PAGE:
History of Hurricane, Utah
Taken from the Utah History Encyclopedia (Links Added)

Mr. and Mrs. Thomas M. Hinton became the first residents of Hurricane when they occupied the bench in 1906. Other stockholders farmed their lands by camping during the week and going home to Virgin and Toquerville over the weekend. Hurricane gradually evolved into a town of fine orchards, vineyards, alfalfa, grain, and sugar beet fields and as a center for the southern Utah sheep industry. The original eleven families of 1906 had by 1917 increased to more than one hundred families with a population of 800. During these eleven years their homes had been lighted by kerosene lamps and their culinary water dipped from ditches into barrels. In February 1917 a fifty-year franchise was granted to the Southern Utah Power Company, and by September most of the homes were wired and ready for the power which was turned on that same month. Also, the town voted a bond, and bought two-thirds of a second-foot of water from Toquerville and began installing a piped system.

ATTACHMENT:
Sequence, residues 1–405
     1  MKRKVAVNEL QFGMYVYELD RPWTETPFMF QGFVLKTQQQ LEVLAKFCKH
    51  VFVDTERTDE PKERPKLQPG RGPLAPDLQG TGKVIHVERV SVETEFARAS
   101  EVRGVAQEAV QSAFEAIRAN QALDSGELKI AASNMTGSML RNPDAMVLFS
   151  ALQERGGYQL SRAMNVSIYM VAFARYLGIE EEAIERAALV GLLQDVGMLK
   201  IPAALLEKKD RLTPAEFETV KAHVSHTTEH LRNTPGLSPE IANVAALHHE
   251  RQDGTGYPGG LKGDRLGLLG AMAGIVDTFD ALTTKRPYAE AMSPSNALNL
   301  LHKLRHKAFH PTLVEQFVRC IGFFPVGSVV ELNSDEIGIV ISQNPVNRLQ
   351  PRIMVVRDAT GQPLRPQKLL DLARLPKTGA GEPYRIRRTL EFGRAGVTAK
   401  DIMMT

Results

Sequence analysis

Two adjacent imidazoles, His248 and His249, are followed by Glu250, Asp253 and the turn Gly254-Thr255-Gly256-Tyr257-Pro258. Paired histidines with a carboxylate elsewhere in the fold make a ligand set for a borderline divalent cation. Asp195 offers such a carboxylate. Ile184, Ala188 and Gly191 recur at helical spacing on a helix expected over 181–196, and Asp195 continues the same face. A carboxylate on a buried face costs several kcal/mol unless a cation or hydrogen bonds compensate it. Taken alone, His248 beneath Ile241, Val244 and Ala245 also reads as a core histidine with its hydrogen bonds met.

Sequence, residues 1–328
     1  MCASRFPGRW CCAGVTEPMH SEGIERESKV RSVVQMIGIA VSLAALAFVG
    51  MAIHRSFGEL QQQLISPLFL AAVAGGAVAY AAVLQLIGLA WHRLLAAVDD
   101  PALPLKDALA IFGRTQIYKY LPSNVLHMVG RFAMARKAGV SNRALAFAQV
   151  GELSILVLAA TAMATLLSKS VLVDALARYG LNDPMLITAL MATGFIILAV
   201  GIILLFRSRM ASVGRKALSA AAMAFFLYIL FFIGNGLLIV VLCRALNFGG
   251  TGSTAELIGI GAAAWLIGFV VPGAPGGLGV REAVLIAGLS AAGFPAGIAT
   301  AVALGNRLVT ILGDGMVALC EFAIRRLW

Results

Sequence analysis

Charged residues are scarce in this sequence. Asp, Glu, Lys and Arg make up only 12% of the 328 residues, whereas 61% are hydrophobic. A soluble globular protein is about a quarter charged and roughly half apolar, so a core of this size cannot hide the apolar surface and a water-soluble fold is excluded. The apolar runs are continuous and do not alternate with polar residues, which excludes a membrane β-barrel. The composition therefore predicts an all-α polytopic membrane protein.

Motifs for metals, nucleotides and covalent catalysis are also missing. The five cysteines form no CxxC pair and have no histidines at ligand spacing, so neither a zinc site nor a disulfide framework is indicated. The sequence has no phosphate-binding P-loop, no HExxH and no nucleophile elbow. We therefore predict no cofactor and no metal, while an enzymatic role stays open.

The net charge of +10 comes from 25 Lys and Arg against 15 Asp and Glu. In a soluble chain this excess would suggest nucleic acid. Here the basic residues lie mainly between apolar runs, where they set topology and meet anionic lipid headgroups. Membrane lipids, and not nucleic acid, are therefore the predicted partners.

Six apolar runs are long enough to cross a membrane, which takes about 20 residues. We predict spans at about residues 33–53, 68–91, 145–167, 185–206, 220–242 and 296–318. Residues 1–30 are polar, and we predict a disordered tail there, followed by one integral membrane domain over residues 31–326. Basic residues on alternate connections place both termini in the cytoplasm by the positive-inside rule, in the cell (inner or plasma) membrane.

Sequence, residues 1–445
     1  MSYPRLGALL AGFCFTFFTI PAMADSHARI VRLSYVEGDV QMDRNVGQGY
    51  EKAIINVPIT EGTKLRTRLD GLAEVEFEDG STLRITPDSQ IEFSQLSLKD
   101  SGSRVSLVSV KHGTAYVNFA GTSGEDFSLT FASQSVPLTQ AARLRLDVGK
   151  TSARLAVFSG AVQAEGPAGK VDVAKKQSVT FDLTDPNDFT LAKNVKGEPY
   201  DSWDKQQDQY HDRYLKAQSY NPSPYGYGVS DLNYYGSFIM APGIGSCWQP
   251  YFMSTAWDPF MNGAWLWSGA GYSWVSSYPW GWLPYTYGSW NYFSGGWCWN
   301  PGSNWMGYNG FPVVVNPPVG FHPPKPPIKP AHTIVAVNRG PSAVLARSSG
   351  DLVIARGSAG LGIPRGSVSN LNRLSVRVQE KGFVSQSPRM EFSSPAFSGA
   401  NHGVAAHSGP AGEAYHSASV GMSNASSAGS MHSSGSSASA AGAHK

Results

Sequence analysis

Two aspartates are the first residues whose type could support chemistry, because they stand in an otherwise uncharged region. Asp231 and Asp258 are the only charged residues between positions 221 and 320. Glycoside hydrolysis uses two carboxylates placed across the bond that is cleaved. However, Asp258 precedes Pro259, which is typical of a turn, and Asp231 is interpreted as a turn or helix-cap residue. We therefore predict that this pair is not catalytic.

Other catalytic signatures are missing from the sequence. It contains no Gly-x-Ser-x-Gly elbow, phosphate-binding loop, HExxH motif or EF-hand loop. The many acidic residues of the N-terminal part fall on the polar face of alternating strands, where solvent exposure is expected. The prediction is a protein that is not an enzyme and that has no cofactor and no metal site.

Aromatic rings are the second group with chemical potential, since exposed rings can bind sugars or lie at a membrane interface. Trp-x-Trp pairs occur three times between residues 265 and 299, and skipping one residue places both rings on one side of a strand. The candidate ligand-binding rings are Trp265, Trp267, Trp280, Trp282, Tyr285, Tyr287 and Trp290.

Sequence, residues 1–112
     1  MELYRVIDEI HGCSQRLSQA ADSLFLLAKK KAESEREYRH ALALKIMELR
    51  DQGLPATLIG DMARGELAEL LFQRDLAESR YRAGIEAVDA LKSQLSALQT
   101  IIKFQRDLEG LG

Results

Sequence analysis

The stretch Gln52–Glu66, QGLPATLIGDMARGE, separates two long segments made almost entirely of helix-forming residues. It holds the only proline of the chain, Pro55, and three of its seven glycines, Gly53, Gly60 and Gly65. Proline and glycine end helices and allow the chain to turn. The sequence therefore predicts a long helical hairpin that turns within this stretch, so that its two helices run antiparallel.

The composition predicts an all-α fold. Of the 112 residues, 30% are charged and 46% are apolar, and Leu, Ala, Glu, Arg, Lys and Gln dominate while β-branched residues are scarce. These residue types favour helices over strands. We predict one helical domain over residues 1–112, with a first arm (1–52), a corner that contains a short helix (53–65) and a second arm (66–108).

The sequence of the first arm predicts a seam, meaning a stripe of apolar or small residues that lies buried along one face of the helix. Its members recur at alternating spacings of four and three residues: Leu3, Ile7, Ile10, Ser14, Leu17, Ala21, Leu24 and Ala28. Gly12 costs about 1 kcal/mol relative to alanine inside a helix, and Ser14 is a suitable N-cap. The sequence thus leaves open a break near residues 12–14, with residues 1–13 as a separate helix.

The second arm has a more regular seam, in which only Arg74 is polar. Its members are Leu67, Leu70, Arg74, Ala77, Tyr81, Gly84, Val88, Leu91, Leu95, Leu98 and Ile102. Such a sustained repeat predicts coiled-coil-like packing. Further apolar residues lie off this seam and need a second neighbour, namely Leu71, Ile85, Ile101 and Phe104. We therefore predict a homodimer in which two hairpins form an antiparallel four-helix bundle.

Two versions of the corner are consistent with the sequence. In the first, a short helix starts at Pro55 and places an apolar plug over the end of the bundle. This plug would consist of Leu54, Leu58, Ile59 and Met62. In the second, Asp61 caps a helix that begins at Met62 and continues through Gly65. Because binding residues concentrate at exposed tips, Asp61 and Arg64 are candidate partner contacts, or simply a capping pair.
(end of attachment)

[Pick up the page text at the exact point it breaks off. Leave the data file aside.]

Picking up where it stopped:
When water from the Virgin River was allocated, the St. George and Washington Canal Company received thirty second-feet, La Verkin Canal Company six, and Hurricane Canal Company nine and three-fourths second-feet of primary water right. Additional water in dry seasons was assured when the Hurricane Canal Company built a storage reservoir on the Kolob Terrace.

With the establishment of the Washington County Water Conservancy District, the bulk of the Virgin River irrigation canal has been abandoned. The district supplies irrigation water in a pipeline from the diversion dam and in return uses the surplus water to fill Quail Lake reservoir. When the water reaches town it is distributed in a closed-pipe system.

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